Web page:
. . . . . . . . . . . . . . . . . . . Renal Artery Disease. . . . . . . . . . . . . . . . . . . . . . . . . . . . . . . . . . . . . . . . . . . . . . . . . . . . . . . . . . . . Aldosterone . . . . . .Chapter 4 Secondary and Resistant Hypertension Chronic Kidney Disease . . . . . . . 35 38 40 48 52 . . . . . . . . . . . . Other Causes . . . . . . . . . . . . . . . . . . . . . . . . . . . . . . . . . . . . . . . . . . . . . . . . . . . . . . . . . . . . . Obesity . . . . . . . . . . . . . . . . . . . . . . . . . . . . . . . . . . . . . . . . . . . . . . . . . . . . . . . . . . . . . . . . . . . . . . . . . . . . . . . . . . . . . . . . . . . . .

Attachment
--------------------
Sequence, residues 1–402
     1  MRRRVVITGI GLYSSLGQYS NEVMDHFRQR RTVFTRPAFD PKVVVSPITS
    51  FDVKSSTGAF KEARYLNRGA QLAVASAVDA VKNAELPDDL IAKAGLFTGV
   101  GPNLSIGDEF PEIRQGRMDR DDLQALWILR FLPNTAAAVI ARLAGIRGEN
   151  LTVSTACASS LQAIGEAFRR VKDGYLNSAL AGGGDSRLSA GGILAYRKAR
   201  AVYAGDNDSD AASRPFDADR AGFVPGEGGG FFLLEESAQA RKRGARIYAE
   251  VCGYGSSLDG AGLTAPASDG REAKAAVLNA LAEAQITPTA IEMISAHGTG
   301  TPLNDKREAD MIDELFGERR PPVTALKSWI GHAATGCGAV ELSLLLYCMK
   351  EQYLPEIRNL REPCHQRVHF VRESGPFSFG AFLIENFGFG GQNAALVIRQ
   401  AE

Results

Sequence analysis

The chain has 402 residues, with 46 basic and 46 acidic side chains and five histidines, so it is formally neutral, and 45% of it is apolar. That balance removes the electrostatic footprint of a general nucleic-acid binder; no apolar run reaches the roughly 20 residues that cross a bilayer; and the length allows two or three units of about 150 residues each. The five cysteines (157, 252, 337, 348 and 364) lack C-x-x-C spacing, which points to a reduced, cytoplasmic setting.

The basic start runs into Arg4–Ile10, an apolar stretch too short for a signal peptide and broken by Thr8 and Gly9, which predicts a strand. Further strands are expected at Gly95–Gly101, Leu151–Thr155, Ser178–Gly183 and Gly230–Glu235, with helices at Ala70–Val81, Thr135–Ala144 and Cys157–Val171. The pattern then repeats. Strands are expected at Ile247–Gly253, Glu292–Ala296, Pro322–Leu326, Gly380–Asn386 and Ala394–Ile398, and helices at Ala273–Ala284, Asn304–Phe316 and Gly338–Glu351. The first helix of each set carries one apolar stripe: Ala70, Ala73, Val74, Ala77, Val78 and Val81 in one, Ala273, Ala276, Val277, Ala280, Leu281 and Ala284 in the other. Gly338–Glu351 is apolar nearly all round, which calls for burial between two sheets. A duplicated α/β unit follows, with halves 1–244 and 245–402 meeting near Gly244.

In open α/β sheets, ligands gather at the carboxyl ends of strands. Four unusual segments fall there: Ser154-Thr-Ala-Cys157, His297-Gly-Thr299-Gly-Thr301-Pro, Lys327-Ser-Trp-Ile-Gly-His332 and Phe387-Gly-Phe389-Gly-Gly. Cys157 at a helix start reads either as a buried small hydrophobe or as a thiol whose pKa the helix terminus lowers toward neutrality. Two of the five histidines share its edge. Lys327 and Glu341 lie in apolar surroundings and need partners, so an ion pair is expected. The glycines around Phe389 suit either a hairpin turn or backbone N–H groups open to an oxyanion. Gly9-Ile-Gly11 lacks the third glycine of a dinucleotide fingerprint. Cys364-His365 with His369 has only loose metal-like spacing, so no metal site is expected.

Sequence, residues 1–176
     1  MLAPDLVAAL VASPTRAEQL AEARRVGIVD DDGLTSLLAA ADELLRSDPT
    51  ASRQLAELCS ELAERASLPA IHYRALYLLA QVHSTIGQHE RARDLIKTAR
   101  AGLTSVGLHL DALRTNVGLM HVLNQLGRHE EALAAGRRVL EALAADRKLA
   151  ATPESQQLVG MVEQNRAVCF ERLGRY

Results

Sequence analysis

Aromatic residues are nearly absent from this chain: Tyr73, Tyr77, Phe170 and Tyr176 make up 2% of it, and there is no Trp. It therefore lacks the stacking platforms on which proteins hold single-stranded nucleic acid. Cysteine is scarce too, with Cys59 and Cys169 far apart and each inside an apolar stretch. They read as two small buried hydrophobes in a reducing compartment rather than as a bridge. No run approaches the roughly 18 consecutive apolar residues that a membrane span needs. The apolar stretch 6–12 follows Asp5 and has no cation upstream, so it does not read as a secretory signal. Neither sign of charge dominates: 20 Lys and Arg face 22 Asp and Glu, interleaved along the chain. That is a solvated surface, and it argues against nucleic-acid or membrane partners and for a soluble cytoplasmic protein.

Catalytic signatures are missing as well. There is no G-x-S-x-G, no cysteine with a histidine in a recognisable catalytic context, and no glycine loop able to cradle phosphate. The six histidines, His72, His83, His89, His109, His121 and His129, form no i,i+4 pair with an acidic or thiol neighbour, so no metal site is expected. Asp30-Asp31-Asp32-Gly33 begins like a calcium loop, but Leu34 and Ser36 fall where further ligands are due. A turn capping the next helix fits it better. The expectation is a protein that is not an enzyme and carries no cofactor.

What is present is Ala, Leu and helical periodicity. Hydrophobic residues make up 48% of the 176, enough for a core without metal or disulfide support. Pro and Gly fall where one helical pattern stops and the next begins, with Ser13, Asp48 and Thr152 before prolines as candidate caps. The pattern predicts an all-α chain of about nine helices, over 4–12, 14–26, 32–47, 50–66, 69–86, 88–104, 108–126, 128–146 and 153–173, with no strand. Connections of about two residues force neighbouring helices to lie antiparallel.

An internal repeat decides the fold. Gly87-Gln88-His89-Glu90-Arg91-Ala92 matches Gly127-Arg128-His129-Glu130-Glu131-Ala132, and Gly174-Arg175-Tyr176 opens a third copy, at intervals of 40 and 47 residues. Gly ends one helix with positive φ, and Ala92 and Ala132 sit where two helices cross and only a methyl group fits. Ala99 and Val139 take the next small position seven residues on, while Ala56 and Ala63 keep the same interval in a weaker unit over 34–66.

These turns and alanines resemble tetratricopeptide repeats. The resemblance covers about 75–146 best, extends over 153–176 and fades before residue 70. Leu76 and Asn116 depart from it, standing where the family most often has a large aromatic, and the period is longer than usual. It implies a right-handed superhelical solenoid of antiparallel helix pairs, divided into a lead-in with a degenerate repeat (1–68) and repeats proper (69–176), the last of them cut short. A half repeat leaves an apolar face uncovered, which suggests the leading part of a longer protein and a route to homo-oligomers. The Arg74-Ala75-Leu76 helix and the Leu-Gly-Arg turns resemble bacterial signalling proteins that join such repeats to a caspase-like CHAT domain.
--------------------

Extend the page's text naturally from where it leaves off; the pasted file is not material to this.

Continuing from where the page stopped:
Resistant hypertension: an overview of evaluation and treatment. genetic predisposition.34 Chronic Kidney Disease (CKD) and Hypertension Essentials Secondary hypertension is the term used to describe elevated blood pressure in the setting of an identiﬁable. If an etiology is discovered and secondary hypertension diagnosed. but still signiﬁcant. and pathophysiology. the term primary or essential hypertension is used.g. 2008. In this chapter.52(22):1749–1757. or an acute rise in blood pressure over previously well-controlled values. of antihypertensive medications. most young women who undergo correction of ﬁbromuscular dysplasia in a timely fashion will experience normalization of their blood pressure. Bakris GL. it is conceivable that we will someday be able to identify the cause (or causes) of hypertension for all patients and the terms primary and secondary hypertension will fall out of use. surgical treatment of a pheochromocytoma) will normalize blood pressure. In those individuals without a clear underlying etiology for elevated blood pressure. we will focus on the related concept of resistant hypertension. J Am Coll Cardiol.1. patients who develop hypertension before puberty should always be screened for secondary causes of hypertension. For example. it is presumed that resolution of the underlying etiology (e. This is likely a misnomer. . chronically difﬁcult-to-control hypertension. genetics. Causes of secondary hypertension Renal parenchymal disease Renovascular disease Hyperaldosteronism Thyroid disease Pheochromocytoma Oral contraceptives Obstructive sleep apnea Coarctation of the aorta Cushing’s syndrome Primary hyperparathyroidism Source: Adapted from Saraﬁdis PA. An individual presenting in his mid-40s with elevated blood pressure may be diagnosed with essential hypertension despite a strong family history of hypertension suggesting an inherent. Secondary hypertension should be considered in patients with severe hypertension (systolic blood pressure above 170 mm Hg or diastolic blood pressure above 110 mm Hg). drops in blood pressure that result in a reduction. but not elimination.. In addition. Therefore. with advances in our understanding of epidemiology. which is deﬁned by a blood pressure of at least 140/90 mm Hg or at least 130/80 mm Hg in patients Table 4. etiologic condition (Table 4. which may or may not always occur. whereas middle-aged individuals who begin nightly continuous positive airway pressure (CPAP) therapy for obstructive sleep apnea may only see small.1). as should nonobese patients without a conﬁrmed family history of hypertension who present before age 30 with elevated blood pressure. underlying.